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CHINESE buyers losing faith in their own property market are looking to Brisbane for a safer investment — and they have expensive taste. WHICH SUBURBS ARE THE MOST POPULAR?

Singapore might be the home of ‘Crazy, Rich Asians’, but new data reveals some of the Queensland capital’s most exclusive suburbs are attracting the attention of deep-pocketed investors from China with money to burn.

The research by Chinese international real estate website, Juwai.com, shows Kangaroo Point had the highest number of inquiries from Chinese investors in the first half of 2018, followed by Newstead, Sunnybank, South Brisbane, Indooroopilly and Ascot.

That’s in contrast to Chinese demand for property in Brisbane in the first half of 2017 when the outer suburbs of Calamvale, Park Ridge and Rochedale were the most popular.

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Kangaroo Point is the most in-demand Brisbane suburb among Chinese buyers.Source:Supplied

Juwai.com chief executive Carrie Law said the top suburbs list revealed the importance of new development, education, and convenience to Chinese buyers.

“Brisbane is attractive due to its easy lifestyle, beautiful water views, and quality English language educational institutions,’ Ms Law said.

“If you have a moderate, high-rise apartment in Brisbane, you can generally snap a beautiful selfie at the window or on the balcony with gorgeous water or district views in the background to show off to your friends at home in China.”

Ms Law said suburbs with new developments or large numbers of new house and land packages for sale were also in demand.

“Because of foreign investment rules, offshore buyers are pushed into new property to support the construction of new housing,” she said.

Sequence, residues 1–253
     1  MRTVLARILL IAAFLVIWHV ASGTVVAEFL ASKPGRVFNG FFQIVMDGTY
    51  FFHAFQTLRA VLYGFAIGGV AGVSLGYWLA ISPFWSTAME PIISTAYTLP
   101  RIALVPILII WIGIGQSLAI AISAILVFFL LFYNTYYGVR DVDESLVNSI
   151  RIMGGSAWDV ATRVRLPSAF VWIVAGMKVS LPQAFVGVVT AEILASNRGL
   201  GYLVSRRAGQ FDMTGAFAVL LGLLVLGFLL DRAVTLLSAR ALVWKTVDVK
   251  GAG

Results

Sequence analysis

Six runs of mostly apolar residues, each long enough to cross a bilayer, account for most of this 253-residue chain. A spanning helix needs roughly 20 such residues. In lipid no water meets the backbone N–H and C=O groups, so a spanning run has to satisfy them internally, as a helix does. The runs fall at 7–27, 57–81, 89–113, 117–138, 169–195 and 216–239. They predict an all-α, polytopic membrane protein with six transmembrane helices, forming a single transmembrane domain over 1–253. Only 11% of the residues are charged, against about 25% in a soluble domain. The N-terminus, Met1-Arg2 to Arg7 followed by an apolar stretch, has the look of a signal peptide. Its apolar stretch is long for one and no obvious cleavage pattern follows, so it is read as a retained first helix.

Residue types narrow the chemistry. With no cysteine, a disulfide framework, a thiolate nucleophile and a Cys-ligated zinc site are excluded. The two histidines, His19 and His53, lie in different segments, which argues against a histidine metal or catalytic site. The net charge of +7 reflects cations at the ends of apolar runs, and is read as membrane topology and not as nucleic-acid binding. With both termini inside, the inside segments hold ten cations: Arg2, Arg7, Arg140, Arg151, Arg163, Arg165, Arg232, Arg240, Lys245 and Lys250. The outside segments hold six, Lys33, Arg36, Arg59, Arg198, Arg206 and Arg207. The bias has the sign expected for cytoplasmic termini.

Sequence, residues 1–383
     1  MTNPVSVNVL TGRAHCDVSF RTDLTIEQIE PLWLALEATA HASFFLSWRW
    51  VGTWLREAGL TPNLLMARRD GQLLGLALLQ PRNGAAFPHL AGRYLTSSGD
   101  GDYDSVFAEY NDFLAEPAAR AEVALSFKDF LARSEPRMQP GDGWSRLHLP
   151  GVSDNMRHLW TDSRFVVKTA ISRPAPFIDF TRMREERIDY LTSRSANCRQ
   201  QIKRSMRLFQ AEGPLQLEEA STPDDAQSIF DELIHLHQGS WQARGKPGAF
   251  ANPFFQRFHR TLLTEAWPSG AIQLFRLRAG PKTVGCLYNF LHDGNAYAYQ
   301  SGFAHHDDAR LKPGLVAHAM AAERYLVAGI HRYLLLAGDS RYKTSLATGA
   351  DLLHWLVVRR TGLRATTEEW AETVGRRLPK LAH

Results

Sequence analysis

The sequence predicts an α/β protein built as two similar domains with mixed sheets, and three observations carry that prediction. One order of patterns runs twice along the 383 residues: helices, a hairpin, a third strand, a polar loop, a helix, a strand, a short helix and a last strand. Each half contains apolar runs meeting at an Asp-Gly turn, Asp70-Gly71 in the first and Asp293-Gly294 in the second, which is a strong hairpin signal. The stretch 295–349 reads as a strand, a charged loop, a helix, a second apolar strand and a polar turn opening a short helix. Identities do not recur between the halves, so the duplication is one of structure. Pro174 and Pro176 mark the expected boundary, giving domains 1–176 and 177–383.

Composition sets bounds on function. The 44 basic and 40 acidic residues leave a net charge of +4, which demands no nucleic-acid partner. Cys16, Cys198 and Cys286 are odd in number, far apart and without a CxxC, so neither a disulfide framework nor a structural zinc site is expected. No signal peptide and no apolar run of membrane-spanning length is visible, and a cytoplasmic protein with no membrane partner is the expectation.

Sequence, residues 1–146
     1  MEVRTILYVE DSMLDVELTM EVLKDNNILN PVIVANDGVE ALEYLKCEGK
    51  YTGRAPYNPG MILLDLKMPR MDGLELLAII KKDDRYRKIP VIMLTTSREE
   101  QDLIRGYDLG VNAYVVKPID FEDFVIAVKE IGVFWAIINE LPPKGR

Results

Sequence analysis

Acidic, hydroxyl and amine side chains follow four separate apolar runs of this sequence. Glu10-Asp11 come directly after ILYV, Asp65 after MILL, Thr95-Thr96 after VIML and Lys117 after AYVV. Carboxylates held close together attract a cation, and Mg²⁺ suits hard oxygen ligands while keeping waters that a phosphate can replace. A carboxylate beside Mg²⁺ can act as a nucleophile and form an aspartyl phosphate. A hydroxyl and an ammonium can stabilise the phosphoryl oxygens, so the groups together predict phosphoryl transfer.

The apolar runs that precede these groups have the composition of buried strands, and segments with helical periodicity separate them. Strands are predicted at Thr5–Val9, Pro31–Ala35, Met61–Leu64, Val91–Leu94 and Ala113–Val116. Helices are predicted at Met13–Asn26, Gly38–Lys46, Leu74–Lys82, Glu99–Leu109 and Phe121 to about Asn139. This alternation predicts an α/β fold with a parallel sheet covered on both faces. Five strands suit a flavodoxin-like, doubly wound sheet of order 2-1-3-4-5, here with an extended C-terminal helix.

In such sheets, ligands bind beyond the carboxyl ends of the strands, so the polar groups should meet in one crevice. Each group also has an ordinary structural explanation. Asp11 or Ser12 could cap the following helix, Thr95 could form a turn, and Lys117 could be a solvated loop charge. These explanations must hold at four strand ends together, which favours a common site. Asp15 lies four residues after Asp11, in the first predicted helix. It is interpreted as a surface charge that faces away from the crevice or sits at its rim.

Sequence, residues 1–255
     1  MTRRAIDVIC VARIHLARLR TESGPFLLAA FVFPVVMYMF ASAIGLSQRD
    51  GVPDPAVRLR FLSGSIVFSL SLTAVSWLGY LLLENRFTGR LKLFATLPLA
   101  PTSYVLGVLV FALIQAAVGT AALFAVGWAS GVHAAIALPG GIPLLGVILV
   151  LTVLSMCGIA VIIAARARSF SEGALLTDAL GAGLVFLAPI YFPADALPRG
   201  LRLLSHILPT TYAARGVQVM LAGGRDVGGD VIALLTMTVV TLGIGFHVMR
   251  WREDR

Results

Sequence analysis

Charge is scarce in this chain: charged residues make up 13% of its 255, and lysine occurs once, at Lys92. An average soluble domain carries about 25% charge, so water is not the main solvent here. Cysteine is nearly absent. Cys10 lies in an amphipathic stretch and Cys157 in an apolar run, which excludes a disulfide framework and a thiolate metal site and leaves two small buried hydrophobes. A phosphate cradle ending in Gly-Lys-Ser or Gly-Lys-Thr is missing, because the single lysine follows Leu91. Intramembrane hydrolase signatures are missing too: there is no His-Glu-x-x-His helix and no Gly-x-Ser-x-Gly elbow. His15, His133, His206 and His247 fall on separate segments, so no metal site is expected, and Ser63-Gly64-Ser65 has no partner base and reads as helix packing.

“That explains why Newstead and Kangaroo Point are on the list. There is plenty of new development underway and our buyers are curious about it.

“It is a revelation for Chinese buyers that they can obtain a new house on its own land in Brisbane for about half the price of an inner-city apartment in Shanghai or Beijing.”

brisbane property

Chinese buyers have changed their suburb preferences when it comes to property in Brisbane. Photo: AP/Ng Han Guan.Source:AP

Last week, protesters ransacked a number of new apartment sales offices in China angry their investments were being sold for much less than they paid for them.

The unrest is a further sign China’s property market is beginning to cool, prompting investors to turn to places like Brisbane.

“Brisbane feels like a safe, desirable place to live,” Ms Law said.

“It often starts with a property purchase for sending a child to study or work in Brisbane. “Over time that can lead to additional investments, starting local businesses, and eventually the whole family moving to live in Brisbane.

“These buyers look for established homes with land and relatively new or like-new construction in areas with good schools for proximity to good private schools or universities.”

Brisbane is the third most popular city in Australia among Chinese property buyers.

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brisbane property

Brisbane is the third most popular city in Australia among Chinese property buyers. Image: AAP/Darren England.Source:AAP